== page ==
• Young people’s novelist William Sleator grew up in a family of nonconformists at a time when conformity was a part of American life. (Unfortunately, that description doesn’t much narrow down when he grew up.) His best friend’s mother was a typical 1950s TV sitcom wife with a very clean house (and plastic covering the furniture), perfectly made-up face and hair, and no job. Meanwhile, William and his friend used to go to William’s house and do such fun activities as standing on the back porch railing and peeing into the backyard. (It’s a guy thing.) William’s mother was definitely laid-back. After William made the mistake of asking his best friend to spend the night, his best friend’s mother came over to meet the rest of William’s family. She was not impressed by what she saw. Mrs. Sleator was potting plants in the kitchen table, meaning dirt was present. Vicky, William’s sister, came into the kitchen, dropped an apple accidentally on the floor, then bit into the apple without first washing it. The best friend’s mother was shocked, but Mrs. Sleator — who worked as a pediatrician — explained, “It’s good for them to eat dirt off the floor. Dirt builds up immunity. I never wash food, never sterilized a bottle in my life. And my kids are never sick.” This did not go over well with the best friend’s mother, who was also shocked when Danny, one of William’s younger siblings, came into the kitchen while sucking his thumb. The best friend’s mother told Danny, “It’s not good to suck your thumb, dear.” Danny slowly took his thumb out of his mouth, but by then Mrs. Sleator was fed up and told her young son, “Danny, put your thumb back in your mouth.” Not surprisingly, the best friend’s mother decided not to allow her son to stay the night at the Sleators’ house.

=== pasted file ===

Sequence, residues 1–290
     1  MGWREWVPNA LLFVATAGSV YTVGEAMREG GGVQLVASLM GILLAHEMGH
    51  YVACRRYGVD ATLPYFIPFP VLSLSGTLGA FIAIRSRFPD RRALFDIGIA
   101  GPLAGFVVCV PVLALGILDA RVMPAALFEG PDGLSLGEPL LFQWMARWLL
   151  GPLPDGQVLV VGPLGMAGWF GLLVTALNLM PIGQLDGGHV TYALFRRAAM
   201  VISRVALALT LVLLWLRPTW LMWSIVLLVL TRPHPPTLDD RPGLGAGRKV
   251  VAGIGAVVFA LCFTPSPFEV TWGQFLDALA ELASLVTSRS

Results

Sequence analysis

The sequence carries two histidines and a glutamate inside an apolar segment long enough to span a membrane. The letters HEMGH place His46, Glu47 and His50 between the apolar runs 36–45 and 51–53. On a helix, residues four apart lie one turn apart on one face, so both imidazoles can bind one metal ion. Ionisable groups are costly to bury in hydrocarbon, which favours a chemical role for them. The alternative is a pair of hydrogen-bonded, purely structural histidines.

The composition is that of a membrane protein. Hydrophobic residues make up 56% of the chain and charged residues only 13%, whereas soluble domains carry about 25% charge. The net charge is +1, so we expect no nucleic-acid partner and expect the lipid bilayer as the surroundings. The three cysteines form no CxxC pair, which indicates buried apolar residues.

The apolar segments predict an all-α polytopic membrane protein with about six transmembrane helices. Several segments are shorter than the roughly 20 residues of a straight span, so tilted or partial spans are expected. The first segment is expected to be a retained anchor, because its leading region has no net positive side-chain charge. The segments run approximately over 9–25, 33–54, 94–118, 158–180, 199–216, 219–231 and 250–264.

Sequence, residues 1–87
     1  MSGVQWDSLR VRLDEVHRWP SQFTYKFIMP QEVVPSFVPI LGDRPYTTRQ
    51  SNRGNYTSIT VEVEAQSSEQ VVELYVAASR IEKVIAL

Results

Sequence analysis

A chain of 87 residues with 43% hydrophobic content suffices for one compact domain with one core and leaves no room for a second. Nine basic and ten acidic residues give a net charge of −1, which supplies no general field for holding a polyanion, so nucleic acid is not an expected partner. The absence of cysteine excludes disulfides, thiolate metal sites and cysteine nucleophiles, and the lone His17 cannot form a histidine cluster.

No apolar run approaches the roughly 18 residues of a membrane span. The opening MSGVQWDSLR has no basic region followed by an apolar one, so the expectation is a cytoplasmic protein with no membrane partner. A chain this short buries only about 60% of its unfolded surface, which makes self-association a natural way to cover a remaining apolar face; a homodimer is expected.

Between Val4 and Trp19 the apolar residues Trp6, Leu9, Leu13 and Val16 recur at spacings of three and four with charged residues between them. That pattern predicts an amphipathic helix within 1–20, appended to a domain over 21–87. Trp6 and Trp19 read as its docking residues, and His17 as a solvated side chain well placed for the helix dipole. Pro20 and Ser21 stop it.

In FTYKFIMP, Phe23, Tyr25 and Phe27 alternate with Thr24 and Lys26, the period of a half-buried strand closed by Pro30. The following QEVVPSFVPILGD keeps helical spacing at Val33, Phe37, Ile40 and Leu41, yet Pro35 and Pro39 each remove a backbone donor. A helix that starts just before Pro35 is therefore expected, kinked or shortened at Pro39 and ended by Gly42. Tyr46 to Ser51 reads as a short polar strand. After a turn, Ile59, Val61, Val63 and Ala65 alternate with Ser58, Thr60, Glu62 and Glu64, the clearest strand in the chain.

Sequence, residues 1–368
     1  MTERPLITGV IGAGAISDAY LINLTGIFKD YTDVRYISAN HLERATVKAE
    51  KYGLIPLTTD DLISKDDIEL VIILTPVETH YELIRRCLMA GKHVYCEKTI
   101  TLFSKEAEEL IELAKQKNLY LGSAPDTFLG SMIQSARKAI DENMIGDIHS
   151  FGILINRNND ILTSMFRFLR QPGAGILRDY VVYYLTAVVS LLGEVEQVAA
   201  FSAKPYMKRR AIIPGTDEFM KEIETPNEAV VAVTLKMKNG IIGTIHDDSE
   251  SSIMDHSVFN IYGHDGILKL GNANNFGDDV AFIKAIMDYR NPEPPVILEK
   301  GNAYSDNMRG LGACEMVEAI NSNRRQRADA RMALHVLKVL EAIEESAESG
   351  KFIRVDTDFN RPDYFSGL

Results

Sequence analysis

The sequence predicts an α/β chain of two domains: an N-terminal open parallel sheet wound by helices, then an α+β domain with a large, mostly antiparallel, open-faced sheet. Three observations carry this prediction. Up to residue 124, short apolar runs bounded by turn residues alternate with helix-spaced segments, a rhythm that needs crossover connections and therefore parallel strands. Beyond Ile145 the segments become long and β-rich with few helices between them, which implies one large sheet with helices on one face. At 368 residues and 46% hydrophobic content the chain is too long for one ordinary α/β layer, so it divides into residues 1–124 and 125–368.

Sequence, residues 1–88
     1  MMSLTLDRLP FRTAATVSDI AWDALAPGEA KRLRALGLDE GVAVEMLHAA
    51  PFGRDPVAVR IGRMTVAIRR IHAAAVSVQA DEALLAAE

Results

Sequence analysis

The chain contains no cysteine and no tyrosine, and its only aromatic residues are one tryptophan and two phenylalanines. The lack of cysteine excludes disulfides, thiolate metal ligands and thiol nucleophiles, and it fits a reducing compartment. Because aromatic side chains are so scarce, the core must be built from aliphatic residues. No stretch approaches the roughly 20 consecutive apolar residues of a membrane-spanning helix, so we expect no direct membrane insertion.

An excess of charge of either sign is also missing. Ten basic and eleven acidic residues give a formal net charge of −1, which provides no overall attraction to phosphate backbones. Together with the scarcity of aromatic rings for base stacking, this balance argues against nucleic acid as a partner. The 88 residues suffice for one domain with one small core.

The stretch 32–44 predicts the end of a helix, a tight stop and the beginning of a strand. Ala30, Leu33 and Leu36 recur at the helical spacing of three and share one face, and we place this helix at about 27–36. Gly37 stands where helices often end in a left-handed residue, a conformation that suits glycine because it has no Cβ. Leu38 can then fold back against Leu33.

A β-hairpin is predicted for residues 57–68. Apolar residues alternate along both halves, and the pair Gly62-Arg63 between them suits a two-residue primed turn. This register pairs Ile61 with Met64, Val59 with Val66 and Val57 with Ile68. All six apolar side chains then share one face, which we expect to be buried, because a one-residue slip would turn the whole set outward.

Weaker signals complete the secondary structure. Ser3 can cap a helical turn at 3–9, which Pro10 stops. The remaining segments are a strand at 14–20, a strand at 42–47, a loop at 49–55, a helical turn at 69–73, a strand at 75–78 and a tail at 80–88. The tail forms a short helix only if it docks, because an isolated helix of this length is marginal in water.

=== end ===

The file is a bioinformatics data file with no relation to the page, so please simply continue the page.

• The mother of Anne McCaffrey, author of the Pern novels about telepathic dragons, had certain feelings that she ought to do one thing or another. For example, she once had the feeling that she ought to take the family’s money out of the stock market, so she did — right before the October stock market crash in 1929. Because of her special “sight,” her family escaped the brunt of the Great Depression. Anne’s father also had the “sight.” While serving in Italy during World War II, he felt that he should stop the car he was being transported in, so he did — then he discovered that the bridge that was supposed to have been just a few feet ahead was gone. If he had not stopped the car, he and his driver would have plunged into a ravine.